LSA alumni who have played an integral part in the rise of farmers’ markets across the country give us a firsthand look at where farmers’ markets have been and the possibilities for what’s next. Eating local might be the latest craze, but is there a tipping point at which it’s no longer beneficial? These alumni discuss the distance from farm to fork.

“We want to create the consumer expectation that people can know where their food comes from," cofounder Karl Rosaen (U-M ’03, M.E. ’04) says.

The Ann Arbor startup sprang from a blend of personal and professional motives. Karl and Cara Rosaen (’03) grew up in Ann Arbor and aspired to get back home from Silicon Valley, so they began cooking up a plan that could help them relocate.

“I thought what would be the coolest thing I could do is a startup around something I really care about,” says Karl, who read Michael Pollan’s food manifesto The Omnivore’s Dilemma and felt inspired to tie his tech skills with his new food passion.

Today, Real Time Farms includes map-based directories of farms, food artisans, restaurants, and farmers’ markets, all aimed to help people see “food isn’t just a commodity. We want to help people fall in love again with what they’re eating,” Cara says.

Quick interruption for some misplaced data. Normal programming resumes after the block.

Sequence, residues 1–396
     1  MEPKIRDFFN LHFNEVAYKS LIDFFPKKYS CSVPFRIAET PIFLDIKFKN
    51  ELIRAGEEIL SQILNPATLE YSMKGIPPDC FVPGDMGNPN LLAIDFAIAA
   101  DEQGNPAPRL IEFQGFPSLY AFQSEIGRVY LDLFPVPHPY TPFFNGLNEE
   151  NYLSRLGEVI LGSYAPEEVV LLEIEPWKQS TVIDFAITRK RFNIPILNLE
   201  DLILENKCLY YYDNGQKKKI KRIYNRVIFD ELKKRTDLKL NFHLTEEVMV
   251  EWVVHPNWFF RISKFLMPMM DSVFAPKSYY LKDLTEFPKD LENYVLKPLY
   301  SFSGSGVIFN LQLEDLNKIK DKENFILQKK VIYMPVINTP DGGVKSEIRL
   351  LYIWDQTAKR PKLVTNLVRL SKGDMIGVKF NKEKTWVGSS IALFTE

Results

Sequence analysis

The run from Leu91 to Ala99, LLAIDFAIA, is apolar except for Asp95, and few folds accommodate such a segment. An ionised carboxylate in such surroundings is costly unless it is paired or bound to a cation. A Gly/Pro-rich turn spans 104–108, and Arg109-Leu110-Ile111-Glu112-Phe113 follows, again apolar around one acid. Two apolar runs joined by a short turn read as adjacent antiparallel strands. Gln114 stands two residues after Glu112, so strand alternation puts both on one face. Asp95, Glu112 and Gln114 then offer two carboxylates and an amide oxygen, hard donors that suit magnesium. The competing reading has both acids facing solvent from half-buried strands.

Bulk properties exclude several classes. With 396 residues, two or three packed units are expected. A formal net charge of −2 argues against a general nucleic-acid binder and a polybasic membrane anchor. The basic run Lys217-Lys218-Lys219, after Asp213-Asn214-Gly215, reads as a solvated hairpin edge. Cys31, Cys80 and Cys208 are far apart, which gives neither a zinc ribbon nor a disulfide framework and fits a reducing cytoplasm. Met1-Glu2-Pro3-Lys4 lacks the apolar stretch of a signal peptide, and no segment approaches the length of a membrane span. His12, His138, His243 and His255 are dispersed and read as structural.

“For many people, farmers’ markets are where the desire for transparency starts,” Karl says. “A farmer can passionately tell you why their tomatoes are different.”

The U.S. Department of Agriculture’s (USDA) National Directory of Farmers’ Markets listed more than 7,000 farmers’ markets in 2011, up 17 percent from 2010 and four times as many as when the USDA did its first count in 1994.

University of Michigan alumni including the Rosaens are helping fuel that dramatic growth, motivated by concerns ranging from the nation’s obesity epidemic to the practices of large-scale industrialized farming, as well as the passion of foodies seeking better-tasting ingredients and the desire for a more personal shopping experience.

A Market Boom

Ruth Goldway (’65) helped pioneer the modern farmers’ market expansion in the United States.

Goldway was a young mother in California in the 1970s when a huge jump in food prices sparked protests around the country, largely by housewives. Goldway was energized and got involved in political advocacy, quickly moving from the price of food to the quality of food, such as calling for better food labeling.